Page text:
Author(s): Nicola Limodio and Francesco Strobbe
The regulation of bank liquidity can create a commitment device on repaying depositors in bad states, if deposit insurance is absent. A theoretical model shows that liquidity regulation can: 1) stimulate a deposit inflow, moderating the limited liability inefficiency; 2) promote lending and branching, if deposit growth exceeds the intermediation margin decline. Our empirical test exploits an unexpected policy change, which fostered the liquid assets of Ethiopian banks by 25% in 2011. Exploiting the cross-sectional heterogeneity in bank size and bank-level databases, we find an increase in deposits, loans and branches, with no decline in profits.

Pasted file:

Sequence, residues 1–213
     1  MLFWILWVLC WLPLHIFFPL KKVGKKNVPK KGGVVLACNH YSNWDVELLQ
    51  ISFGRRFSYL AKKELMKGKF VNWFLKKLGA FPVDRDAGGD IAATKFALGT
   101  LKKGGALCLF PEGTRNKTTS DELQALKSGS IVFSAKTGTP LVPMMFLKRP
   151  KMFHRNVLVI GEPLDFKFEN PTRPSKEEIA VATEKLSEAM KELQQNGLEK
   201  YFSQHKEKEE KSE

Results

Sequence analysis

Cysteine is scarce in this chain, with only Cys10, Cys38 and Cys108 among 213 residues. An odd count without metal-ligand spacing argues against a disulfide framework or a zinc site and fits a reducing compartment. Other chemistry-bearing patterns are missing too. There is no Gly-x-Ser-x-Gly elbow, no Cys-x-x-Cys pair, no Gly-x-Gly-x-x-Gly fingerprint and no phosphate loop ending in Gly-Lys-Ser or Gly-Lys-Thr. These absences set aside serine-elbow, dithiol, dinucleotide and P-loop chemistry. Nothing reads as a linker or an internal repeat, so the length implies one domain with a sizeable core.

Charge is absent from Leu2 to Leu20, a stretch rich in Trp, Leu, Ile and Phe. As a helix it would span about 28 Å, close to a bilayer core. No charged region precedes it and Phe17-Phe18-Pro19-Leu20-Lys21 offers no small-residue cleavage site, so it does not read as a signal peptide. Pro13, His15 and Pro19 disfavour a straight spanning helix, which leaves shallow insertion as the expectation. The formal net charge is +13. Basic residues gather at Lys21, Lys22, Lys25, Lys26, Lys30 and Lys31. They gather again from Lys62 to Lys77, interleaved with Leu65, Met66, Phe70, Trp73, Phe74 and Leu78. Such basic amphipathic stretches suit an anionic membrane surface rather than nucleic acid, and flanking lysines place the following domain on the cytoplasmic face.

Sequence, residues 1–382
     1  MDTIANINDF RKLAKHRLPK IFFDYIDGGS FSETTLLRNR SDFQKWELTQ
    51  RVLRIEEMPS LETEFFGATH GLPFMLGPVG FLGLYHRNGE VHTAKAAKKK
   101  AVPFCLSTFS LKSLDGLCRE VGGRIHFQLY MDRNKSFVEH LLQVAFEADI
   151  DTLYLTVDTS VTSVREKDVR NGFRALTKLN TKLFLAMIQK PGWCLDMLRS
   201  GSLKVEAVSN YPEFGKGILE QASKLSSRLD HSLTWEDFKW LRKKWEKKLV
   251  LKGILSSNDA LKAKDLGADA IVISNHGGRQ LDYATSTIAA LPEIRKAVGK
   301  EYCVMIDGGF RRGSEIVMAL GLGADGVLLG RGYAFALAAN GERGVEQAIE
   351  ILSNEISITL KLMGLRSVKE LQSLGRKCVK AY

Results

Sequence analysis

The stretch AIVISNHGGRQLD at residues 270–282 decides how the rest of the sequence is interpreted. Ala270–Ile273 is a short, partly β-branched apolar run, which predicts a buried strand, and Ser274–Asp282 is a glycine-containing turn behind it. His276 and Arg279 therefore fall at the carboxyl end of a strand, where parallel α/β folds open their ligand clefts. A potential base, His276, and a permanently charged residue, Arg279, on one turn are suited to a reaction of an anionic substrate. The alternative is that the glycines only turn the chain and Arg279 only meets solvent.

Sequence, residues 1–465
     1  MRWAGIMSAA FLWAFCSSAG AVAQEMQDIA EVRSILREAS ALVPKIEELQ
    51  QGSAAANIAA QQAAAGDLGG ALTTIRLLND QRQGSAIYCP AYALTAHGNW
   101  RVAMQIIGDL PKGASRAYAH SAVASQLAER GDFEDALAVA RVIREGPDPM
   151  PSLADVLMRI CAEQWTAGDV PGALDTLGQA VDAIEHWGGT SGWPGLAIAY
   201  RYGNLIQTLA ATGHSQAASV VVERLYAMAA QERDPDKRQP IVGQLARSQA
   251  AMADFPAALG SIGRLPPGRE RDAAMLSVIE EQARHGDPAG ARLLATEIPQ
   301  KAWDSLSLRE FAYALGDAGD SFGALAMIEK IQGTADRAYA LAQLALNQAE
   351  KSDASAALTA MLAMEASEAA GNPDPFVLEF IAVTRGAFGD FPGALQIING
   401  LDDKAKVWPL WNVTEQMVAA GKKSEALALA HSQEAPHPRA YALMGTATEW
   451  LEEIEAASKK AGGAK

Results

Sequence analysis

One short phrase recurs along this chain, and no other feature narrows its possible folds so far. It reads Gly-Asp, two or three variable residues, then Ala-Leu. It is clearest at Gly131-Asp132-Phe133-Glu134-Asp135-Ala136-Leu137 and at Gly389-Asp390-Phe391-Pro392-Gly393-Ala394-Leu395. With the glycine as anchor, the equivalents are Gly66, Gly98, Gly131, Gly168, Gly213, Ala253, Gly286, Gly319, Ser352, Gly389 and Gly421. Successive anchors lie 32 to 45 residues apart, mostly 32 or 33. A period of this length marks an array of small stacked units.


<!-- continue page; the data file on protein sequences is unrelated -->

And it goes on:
Keywords: Banking, Liquidity Risk, Financial Development, Ethiopia
JEL codes: G21, G32, O16, O55